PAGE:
Even playing that small role with Terry’s family and son helps me tremendously with the feeling that, while I may have let him down, I’m doing what he’d have wanted in ensuring his son is ok. That’s important to me, and to Terry’s family. They want Terry’s son to ‘get’ more of his dad before alcoholism consumed him.

 Apologies for the long-winded sob story but I’m trying to give you a sense of how you’ll find strength and positives even as you confront the worst things. In early October, I learned that another mate, a young bloke who worked for me when he was 18 and who became the younger brother I always wanted (as opposed to the younger brother I have...just kidding...in a way) was diagnosed with an aggressive cancer. He’s only 37 and has 3yo and 1yo daughters (it was at his 1yo’s first birthday party that I learned just how serious Ben’s condition is).

When I think of loved ones facing potentially life threatening illnesses, I always think of a radio interview I heard by chance years ago with a folk musician who wrote a song based around his grandmother’s final words to his grandfather before she died; “thank you for loving me”.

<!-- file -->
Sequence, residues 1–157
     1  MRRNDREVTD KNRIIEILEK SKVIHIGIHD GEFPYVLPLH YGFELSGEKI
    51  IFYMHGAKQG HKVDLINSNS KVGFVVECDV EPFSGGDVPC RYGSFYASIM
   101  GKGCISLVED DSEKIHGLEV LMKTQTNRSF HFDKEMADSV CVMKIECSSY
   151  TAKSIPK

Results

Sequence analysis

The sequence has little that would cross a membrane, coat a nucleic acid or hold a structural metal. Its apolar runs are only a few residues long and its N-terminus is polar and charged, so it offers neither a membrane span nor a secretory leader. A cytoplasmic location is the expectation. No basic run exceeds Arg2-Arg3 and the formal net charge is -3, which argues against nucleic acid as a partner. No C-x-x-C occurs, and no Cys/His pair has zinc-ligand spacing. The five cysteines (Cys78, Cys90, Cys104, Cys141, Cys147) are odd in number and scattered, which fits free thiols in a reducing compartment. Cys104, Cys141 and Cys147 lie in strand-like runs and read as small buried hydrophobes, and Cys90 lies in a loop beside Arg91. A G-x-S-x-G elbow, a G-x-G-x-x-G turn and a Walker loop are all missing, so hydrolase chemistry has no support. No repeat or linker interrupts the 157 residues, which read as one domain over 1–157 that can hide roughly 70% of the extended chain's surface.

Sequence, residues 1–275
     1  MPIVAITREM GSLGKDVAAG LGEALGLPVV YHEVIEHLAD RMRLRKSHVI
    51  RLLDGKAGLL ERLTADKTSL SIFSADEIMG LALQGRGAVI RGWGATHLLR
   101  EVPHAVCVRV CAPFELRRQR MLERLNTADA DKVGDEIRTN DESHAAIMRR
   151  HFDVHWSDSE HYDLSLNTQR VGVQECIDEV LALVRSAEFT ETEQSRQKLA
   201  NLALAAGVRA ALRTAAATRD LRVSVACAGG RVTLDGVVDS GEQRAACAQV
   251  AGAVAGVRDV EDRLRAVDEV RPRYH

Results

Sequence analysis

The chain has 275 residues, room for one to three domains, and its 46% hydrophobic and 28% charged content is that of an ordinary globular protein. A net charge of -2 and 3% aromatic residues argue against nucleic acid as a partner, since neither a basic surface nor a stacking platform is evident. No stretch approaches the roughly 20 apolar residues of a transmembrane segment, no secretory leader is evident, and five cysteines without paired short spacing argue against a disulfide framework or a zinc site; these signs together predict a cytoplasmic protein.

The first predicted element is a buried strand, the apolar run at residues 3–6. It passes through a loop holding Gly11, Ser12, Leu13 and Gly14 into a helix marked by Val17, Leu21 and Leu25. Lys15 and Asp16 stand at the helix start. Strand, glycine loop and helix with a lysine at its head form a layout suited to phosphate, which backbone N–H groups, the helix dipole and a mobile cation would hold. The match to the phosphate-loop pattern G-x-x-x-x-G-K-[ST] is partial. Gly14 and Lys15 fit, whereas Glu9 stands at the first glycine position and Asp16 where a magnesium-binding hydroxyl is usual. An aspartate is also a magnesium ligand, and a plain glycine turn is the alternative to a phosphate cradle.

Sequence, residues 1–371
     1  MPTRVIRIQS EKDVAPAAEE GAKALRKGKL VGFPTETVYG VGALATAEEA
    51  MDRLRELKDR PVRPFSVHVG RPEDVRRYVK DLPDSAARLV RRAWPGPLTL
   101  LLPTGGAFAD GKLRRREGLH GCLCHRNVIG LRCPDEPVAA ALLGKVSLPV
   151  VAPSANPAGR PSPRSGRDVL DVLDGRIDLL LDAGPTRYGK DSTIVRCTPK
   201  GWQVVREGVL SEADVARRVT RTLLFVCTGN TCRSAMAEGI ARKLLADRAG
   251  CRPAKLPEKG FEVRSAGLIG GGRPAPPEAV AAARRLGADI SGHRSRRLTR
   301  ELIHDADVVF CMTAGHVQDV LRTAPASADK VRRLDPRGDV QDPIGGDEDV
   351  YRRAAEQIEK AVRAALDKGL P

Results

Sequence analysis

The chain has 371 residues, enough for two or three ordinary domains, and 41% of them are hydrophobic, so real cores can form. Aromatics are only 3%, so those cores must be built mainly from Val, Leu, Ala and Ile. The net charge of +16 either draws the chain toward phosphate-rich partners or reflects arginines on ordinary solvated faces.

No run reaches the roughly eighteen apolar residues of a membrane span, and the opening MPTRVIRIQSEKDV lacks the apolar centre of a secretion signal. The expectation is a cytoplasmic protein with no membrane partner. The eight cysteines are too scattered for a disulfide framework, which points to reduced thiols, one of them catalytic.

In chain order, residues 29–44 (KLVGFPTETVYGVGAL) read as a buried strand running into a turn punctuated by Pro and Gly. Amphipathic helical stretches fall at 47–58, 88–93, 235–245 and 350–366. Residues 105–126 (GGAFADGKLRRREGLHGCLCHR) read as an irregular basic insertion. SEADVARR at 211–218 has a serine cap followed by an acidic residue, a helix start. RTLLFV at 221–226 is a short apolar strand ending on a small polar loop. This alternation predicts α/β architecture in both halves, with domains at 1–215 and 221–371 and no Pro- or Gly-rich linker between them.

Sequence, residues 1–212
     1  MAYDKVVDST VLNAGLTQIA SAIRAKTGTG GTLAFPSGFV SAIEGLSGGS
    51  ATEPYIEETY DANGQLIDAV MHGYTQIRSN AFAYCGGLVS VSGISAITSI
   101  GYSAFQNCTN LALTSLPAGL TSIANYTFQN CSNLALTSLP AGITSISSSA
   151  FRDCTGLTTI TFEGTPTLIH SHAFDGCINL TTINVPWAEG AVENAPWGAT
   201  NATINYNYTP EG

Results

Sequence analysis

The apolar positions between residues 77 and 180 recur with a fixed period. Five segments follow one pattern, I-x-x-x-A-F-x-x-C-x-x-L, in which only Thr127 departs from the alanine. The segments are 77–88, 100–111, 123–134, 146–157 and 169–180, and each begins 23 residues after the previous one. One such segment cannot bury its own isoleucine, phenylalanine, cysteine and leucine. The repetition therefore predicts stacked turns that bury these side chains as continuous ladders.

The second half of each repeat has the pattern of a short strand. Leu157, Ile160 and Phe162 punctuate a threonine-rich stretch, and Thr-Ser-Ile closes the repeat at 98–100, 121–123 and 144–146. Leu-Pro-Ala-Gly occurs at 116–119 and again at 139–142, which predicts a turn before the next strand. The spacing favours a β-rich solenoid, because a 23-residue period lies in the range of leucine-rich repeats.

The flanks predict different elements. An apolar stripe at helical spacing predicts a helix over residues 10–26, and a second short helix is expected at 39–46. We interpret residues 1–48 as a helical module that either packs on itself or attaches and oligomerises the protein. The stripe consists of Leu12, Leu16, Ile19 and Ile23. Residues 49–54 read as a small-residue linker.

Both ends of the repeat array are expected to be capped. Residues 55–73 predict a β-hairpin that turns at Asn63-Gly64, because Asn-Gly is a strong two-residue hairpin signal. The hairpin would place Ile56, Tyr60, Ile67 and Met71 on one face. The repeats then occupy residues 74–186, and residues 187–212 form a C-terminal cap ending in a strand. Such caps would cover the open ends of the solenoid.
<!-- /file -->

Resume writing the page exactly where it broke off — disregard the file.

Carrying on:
I’ve never been able to find the correct title or the musician’s name but the way he talked of his grandmother’s passing struck me as profoundly beautiful. Again, it’s amazing how we draw strength and succour from the worst and most challenging experiences.

Open yourself to your feelings as these tough times happen. Share them and accept the love that will come your way as people who love you try to show you that.

Good luck to you. I hope all works out for you and your family. But, remember, what doesn’t kill you really does make you stronger.

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11 minutes ago, EssendonRam said:

Honestly mate, the message I’d offer you is that the adage, “What doesn’t kill you, makes you stronger” is 100% true.

I can relate to what you are going through. It’s been the worst few years of my life, these last three, for many and varied reasons which there’s no need to go into now (I’ve written about the circumstances in other threads in here previously).

Suffice to say, it’s fair to say that, when I didn’t think things could get much worse, they did.